Snarky Behavior

Entries tagged as ‘generational gap’

Dropping Knowledge: The Economics and Ethics of Carbon Abatement

May 20, 2008 · Leave a Comment

This past semester I took an interesting (albeit frustrating) class on the “Risks of Globalization,” taught by an economist who was involved in the incipient development of the Kyoto protocol. 

Fundamentally, the risks of climate change are as follows:

1.      Overwhelming scientific evidence shows that the earth is becoming progressively warmer, and that this trend is accelerating.  People who still argue this fact are known in most circles as “dumb fucks.”

2.      Significant evidence suggests that this warming is anthropogenic, primarily due to Carbon emissions (CFC, CO2, and CH4).  People who argue this fact are known as Republicans.

3.      The atmosphere is treated as a global public good.  That means it is non-rival and non-exclusive (everyone enjoys it for free without diminishing anyone else’s right to enjoy it).  Also important to note is that gases disperse evenly throughout the atmosphere.  Hence the “global” part.

4.      Because the atmosphere is treated as free for everyone, it is subjected to what is known as “the tragedy of the commons.”  In economic terms, this means that because no single person (or nation) can reap the benefits of a clean atmosphere, no single entity will incur the costs to do so.  Another way to think of this is: a public toilet that everyone uses but nobody cleans up.    

5.      Generally, when dealing with the market of public good provision, we would say that the sum of everybody’s preference for clean air (instead of carbon-based energy consumption) should equal the rate at which we as a society choose that tradeoff.  That is another way of saying, if you want to reduce your individual carbon footprint, and I want to reduce my individual carbon footprint, and so on for every person in the world, the total amount we reduce carbon emissions will be equal to the global rate of change between a public good (clean air) and a private good (energy production).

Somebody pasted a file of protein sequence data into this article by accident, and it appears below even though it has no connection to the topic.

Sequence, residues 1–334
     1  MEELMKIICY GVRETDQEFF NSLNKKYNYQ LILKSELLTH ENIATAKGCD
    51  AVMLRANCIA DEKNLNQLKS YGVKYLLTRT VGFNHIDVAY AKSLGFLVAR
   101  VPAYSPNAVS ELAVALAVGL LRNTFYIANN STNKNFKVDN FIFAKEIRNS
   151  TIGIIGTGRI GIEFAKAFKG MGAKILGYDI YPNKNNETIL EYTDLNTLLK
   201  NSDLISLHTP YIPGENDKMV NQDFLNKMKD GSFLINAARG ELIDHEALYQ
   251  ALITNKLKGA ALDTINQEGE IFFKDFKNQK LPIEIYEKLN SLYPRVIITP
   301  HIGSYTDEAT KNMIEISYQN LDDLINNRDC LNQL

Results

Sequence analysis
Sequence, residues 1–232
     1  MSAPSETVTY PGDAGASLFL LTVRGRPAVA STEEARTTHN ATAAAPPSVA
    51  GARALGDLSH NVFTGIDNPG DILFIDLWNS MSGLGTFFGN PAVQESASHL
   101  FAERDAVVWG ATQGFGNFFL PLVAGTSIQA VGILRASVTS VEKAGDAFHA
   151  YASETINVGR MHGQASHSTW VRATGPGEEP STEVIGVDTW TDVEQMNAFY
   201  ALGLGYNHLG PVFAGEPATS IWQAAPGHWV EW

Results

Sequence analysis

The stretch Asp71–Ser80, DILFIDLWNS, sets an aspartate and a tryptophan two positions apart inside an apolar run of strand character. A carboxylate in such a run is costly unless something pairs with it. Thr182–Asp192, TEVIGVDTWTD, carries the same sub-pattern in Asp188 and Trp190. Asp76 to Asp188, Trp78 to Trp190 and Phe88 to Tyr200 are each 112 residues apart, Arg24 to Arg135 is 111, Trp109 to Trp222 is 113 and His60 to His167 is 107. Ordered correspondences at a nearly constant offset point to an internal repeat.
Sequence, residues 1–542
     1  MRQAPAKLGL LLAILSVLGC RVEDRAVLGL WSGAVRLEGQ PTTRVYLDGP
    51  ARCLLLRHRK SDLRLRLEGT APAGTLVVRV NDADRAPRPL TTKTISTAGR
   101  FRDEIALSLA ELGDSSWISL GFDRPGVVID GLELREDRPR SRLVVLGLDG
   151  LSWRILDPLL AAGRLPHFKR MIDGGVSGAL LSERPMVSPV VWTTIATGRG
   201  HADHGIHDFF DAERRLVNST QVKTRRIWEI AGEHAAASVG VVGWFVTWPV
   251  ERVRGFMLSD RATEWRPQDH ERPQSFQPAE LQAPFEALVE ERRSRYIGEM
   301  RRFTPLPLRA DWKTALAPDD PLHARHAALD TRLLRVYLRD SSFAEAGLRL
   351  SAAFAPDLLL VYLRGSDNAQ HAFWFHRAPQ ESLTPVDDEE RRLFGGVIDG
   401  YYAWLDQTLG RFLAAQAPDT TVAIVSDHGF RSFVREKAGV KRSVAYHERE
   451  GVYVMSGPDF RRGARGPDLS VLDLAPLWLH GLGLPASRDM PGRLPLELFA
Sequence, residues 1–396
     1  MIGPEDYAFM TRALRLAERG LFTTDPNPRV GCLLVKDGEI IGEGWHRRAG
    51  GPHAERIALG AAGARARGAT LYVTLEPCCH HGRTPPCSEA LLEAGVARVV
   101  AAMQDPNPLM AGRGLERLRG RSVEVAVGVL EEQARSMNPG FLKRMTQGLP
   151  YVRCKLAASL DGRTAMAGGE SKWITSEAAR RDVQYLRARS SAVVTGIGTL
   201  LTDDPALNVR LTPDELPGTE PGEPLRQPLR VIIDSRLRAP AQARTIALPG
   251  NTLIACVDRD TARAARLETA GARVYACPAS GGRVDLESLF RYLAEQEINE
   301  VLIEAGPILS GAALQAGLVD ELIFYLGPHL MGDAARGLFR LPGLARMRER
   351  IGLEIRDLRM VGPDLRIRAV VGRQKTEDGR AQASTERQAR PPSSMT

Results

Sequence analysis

6.      The problem here is that there is significant reason to believe that we cannot afford to make that tradeoff at its current rate, because it results in insufficient abatement. 

This is where the majority of people who think about solutions to this problem begin to diverge significantly.  The consensus is that we either need some mechanism to increase the individual incentives to abate (i.e. a carbon market), or to decrease the benefits of polluting (i.e. a carbon tax).

In theory, a market (which allocates property rights or permits to emit, which are then priced and traded for competitively) provides certainty for the outcome of the tradeoff (since emissions are capped), without providing certainty for the costs.  A tax provides near certainty in costs (by internalizing the cost of the tax), without providing certainty for emissions (since there is no cap).

What makes these options trickier is the underlying game theory.  Since the policies are directly tied to energy consumption, which is directly tied to domestic output, self-imposed “carbon constraints” in a global economy put early adopters at a competitive disadvantage.  Carbon markets that aren’t global essentially introduce a “black” market in non-participating nations, who continue to treat the air as free.

Even if we can get beyond the competitive issue with present rivals, the issue becomes even more complex when we consider future generations.  As this article from Scientific America highlights, there is a fundamental ethical question surrounding inter-temporal dynamics:      

The costs of mitigating climate change are the sacrifices the present generation will have to make to reduce greenhouse gases.  The benefits are the better lives that future people will lead: they will not suffer so much from the spread of deserts, from the loss of their homes to the rising sea, or from floods, famines and the general impoverishment of nature.

I think that this way of framing the problem (sacrificing today for the benefit of tomorrow) complicates the issue unnecessarily. 

First of all, if we indeed create the incentives to reduce current consumption, we should compensate ourselves by treating this reduction as an immediate increase in investment.  As such, we (current generation) should be entitled to a return from future beneficiaries—through financing for alternative energy sources today.   

Future generations will expect a cleaner and energy independent future, and will pay for it by an increased debt burden.  This is a fair and just expectation, unlike the expectations to bear the costs of the reckless and unjust invasion of Iraq.

The problem after all isn’t energy consumption per se… it’s carbon emissions.  If we can invest in and/or subsidize immediate alternatives to coal/oil/natural gas, then we can consume all of the energy we want (hypothetically speaking).    

Second, I believe that the idea of sacrifice for future beneficiaries undervalues the costs we are currently facing from not only climate change, but fluctuating commodities.  As long as coal and oil are the most cost competitive sources for energy, we will use them, and build our infrastructure around them.  Clearly these are not viable long term investments, so the risks to the investments, and therefore the incentives to remain committed to those inputs of production, increase.